Come and worship him with your wounds, for he is wounded too

A Communion Liturgy
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The Communion Table is a drama.

Jesus tells us that he was broken for us and died for us.

The bread, like his body, is broken.

The wine, like his blood, is poured out.

Jesus has said a great Divine ‘YES’ to everyone, everywhere.

And when we eat this bread, and drink this wine, we say ‘YES’ to Jesus.

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How the Liturgy makes us into living works of art before God and others

How the Liturgy makes us into living works of art before God and others

Beautiful comment on the liturgy by Romano Guardini in The Spirit of the Liturgy:

“The practice of the liturgy means that by the help of grace, under the guidance of the Church, we grow into living works of art before God, with no other aim or purpose than that of living and existing in his sight. . . . .

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A Communion Liturgy

Below is a most wonderful Communion Service on the Ben Myers blog faith and theology, written by Kim Fabricius.

Service of Holy Communion

THE INVITATION
Are you hungry? Are you thirsty? You’ve come to the right place!
There is plenty of room at this table.
It’s not full until all kinds of people are here:
tall people and short people, portly people and skinny people,
people with rosy cheeks and people with wrinkly skin,
black-skinned and white people, the blond and the bald.
Come, there is room for you. We’ve got the best food –
hearty bread to fill your belly, heady wine to make you sing.
Come, join us – and live.
Let’s eat and drink!

THE NARRATIVE
People have been breaking bread in the name of the Holy One for centuries.
Our Jewish mothers and fathers blessed bread and wine and shared it.
Christians have gathered around tables and sat on mats
to pass the loaf of love and the cup of kindness.
And generous people have given hospitality to travellers and strangers, fellow pilgrims on the way to the kingdom.
We remember how Jesus shared a meal with his disciples in an upstairs room,
one who would deny him, another who would betray him.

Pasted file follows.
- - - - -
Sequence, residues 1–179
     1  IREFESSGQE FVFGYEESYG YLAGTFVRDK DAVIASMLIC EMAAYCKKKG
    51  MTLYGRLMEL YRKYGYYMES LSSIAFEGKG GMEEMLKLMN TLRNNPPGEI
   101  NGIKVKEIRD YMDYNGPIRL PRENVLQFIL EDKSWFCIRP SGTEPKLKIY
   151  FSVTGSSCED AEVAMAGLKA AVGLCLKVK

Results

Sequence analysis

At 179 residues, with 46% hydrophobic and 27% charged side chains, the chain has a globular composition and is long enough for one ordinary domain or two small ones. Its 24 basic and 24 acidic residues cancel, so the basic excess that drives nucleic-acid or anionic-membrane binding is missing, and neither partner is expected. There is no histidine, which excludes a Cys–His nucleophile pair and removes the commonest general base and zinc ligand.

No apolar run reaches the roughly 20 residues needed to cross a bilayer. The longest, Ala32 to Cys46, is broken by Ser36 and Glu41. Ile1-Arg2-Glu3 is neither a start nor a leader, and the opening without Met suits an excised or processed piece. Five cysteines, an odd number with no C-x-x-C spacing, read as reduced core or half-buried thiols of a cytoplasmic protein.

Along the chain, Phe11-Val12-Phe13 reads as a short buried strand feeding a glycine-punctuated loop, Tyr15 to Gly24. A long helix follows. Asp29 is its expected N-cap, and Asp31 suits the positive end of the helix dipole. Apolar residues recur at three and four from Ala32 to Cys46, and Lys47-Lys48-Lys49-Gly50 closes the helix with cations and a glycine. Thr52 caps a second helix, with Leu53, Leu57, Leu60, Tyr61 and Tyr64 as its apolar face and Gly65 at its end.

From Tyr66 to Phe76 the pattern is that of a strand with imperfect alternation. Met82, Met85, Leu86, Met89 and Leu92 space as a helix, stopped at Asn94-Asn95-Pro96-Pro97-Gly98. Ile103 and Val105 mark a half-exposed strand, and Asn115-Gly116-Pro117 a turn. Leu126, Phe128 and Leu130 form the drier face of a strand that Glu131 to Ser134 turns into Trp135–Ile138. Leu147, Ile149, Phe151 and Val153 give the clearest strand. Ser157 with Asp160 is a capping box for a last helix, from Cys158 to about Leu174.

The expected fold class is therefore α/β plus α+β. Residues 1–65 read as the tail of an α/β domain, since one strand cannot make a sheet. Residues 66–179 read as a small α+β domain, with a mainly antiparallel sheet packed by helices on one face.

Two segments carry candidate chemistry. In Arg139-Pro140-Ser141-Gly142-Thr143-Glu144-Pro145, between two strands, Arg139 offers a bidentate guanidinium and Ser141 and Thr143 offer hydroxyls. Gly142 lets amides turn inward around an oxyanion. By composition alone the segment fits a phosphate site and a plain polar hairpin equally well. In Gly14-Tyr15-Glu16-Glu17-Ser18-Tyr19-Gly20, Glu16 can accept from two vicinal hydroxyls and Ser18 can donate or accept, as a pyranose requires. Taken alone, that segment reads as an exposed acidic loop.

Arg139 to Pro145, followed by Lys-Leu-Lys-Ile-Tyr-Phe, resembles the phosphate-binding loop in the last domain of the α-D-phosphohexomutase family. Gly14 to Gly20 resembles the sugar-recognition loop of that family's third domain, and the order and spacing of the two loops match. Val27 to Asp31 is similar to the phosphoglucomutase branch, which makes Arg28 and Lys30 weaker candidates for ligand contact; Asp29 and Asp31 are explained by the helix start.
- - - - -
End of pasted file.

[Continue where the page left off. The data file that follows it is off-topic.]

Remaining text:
There he took bread, raised it to heaven, and giving thanks to his Father,
broke it with a sound that echoed in his heart, and said:
“This is my body, broken for you. Eat it and remember.”
Then he took the cup, sweet and bitter offering, held it in both hands –
it would not pass – and giving thanks to his Abba, said:
“This is the cup of mercy that will spill all over the world
and open the hearts of many. Drink and remember.”
And they did. And we do. Let us give thanks to God.

THE THANKSGIVING
World-maker, Barrier-breaker, Peace-bringer, Holy God:
In the beginning, You. In the now, You. 
And when time ends, You. Always You!
With a handful of dust you gracefully fashioned us,
shaping us to be signs of your presence on earth.
You gave us the breath of life and placed into our hands the power to create,
into our heads the freedom to think, 
and into our hearts the strength to love.

You gave us all we need to live:
food and drink for our bodies; natural wonders for our senses;
wake-time and dream-time for our minds; and for our souls –
the light of the law, the rod of the prophets, the songs of the psalmists,
and the vision of a just and joyful world.

In the fullness of time the Word became flesh – you pitched your tent among us:
learning and loving, teaching and healing, forgiving and rebuking.
You shook the pillars of power and paid the price –
the lash of the whip, the crown of thorns, the cruel cross.
Death held you briefly, but in three days you burst forth alive,
and the echo of the empty tomb rang around the world.
Risen and reigning, you call us into fellowships of faith seeking understanding,
communities of character, churches in mission.
Your Spirit continues to revive and empower us,
informing, unforming, reforming, transforming.